Does A Preserved Moa Claw Taste Like Its Halo Counterpart?

The extinct bird shares a name with a species from Halo that was turned into Pringles earlier this year.

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Several months ago, Pringles and Microsoft partnered to release a flavor based on an extinct bird seen in the Halo franchise--a bird that also happens, in a somewhat different form, to actually exist. It has long been extinct, but a remarkably well-preserved claw still contains muscle and skin, and we're going to try to eat it.

Dubbed the Mount Owen Claw, the preserved specimen was discovered back in 1987, which we're hoping means the dry-aging process has only made it more delicious. In actuality, the claw had likely been there for more than 3,000 years. Typically, these sorts of remains would decay, leaving behind bones to eventually fossilize, but very particular conditions can keep soft tissue intact, too.

The Moa birds found in Halo--specifically the prequel Reach--don't really resemble what we think real Moa birds looked like--but they have the same name, and that's good enough for us to want to turn the foot into a burger or flavor dust to cover our snacks.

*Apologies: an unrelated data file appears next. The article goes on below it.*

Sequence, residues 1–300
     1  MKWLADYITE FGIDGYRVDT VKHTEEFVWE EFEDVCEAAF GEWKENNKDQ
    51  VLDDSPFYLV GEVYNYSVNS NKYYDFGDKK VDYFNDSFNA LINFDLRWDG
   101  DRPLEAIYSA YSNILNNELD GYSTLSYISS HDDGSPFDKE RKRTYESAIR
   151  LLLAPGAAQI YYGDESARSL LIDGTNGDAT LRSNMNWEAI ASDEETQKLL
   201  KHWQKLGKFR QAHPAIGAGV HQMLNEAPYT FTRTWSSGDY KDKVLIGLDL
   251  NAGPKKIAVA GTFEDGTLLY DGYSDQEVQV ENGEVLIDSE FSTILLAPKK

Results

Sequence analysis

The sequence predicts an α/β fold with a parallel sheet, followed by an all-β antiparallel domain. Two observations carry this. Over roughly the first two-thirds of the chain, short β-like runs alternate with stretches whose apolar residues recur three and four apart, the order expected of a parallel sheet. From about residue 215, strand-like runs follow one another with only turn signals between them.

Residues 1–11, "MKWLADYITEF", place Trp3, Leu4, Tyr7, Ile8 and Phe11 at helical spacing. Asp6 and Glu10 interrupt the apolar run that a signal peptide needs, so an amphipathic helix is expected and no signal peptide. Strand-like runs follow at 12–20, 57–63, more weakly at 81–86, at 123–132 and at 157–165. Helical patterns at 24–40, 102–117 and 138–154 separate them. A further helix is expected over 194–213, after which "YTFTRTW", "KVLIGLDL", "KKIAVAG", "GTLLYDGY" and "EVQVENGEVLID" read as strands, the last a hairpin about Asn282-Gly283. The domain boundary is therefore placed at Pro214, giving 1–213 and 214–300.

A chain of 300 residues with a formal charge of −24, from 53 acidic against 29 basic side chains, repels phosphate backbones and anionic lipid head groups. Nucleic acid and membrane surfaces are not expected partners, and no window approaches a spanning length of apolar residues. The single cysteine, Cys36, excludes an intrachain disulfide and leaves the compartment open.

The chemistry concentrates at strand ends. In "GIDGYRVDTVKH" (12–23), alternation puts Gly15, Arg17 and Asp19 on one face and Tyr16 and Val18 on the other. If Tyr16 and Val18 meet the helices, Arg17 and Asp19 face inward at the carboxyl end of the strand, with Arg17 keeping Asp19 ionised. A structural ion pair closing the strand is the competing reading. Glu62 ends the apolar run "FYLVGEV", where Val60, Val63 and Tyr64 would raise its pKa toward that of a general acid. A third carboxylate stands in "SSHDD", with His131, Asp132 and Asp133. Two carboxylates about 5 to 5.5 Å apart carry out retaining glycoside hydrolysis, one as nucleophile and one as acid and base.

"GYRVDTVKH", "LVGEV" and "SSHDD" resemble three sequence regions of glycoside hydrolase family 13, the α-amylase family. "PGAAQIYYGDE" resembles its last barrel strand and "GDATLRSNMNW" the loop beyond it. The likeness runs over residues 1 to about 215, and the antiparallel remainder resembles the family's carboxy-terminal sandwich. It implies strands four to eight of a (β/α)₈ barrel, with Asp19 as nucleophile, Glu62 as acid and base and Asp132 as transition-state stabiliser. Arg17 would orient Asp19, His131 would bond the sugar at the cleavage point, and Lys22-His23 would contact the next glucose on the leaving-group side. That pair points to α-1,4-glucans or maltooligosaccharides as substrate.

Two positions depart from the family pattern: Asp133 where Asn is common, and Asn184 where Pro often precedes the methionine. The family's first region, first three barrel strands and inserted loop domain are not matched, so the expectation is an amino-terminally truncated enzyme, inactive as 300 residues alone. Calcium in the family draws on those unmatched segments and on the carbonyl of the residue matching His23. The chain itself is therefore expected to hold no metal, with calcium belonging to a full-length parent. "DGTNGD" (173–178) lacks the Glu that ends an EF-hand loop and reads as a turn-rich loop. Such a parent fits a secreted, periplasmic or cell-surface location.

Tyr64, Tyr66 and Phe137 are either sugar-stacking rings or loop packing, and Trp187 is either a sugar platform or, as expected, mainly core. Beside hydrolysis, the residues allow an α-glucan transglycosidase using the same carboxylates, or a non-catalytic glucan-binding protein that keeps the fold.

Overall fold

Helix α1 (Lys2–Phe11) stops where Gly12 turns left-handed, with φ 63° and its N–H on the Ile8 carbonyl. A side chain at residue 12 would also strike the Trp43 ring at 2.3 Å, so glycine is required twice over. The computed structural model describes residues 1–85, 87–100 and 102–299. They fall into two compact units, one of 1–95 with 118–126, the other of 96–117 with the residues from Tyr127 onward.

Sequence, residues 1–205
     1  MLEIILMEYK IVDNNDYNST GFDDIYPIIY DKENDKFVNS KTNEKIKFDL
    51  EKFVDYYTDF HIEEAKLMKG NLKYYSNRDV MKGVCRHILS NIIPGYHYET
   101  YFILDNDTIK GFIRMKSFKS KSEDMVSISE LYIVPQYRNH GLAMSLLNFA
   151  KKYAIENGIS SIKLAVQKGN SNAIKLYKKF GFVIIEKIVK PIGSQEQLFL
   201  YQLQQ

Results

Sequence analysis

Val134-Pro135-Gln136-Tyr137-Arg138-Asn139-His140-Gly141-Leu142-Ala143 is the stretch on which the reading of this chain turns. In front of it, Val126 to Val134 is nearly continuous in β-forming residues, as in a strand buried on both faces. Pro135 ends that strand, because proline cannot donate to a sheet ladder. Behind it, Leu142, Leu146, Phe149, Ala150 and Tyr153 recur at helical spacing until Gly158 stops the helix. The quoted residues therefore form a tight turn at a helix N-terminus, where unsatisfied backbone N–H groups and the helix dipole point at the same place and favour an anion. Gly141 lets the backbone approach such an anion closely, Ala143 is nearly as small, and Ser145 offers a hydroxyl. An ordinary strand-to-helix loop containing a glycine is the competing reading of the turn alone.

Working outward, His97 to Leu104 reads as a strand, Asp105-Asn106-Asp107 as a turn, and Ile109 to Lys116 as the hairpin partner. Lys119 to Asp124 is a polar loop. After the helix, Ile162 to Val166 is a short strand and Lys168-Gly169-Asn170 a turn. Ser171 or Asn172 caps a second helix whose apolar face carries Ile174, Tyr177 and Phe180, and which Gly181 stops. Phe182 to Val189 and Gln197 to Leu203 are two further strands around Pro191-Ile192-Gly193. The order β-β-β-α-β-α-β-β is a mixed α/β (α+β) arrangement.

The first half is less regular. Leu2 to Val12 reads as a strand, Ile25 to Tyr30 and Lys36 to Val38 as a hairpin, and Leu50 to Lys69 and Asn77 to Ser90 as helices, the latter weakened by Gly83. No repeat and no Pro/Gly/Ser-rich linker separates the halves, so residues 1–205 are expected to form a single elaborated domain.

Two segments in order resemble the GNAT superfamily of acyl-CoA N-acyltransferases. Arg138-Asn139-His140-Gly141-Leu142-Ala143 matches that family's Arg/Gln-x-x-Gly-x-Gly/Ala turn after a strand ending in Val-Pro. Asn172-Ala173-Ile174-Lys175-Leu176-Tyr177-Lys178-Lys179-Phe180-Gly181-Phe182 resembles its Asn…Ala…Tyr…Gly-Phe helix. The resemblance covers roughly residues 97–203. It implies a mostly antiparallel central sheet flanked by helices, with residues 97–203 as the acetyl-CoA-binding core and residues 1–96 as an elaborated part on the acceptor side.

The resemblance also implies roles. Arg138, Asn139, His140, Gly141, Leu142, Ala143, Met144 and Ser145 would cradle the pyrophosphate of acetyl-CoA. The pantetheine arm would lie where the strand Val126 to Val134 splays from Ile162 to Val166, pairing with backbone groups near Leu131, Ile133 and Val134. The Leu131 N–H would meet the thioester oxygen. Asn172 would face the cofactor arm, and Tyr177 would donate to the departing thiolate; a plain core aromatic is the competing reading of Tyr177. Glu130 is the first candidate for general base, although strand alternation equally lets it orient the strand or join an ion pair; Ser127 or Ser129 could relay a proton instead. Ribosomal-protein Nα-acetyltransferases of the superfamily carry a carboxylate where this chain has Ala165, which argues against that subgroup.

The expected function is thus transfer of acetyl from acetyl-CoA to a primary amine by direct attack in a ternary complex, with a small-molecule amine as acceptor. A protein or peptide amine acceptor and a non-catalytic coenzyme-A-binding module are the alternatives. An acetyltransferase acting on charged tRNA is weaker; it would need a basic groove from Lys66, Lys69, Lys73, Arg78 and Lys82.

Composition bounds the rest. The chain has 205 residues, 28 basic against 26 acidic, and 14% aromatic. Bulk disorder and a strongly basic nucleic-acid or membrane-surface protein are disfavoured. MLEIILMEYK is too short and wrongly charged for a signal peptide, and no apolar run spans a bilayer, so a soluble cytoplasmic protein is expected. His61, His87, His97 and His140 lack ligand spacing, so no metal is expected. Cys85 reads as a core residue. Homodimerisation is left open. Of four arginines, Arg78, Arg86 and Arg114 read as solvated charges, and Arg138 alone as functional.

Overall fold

Still, there is something Halo-y about the real bird's claw. It resembles the Jackal's claw, perfect for grabbing an energy shield or a plasma pistol.

Despite the marketing campaign with Pringles in the very long pre-release period for Halo Infinite, you won't be hunting or crafting in the campaign, and the Pringles were very much just a novelty.

Halo Infinite releases--after a year-long delay--this fall for Xbox One, Xbox Series X|S, and PC, and it will be free with Game Pass.

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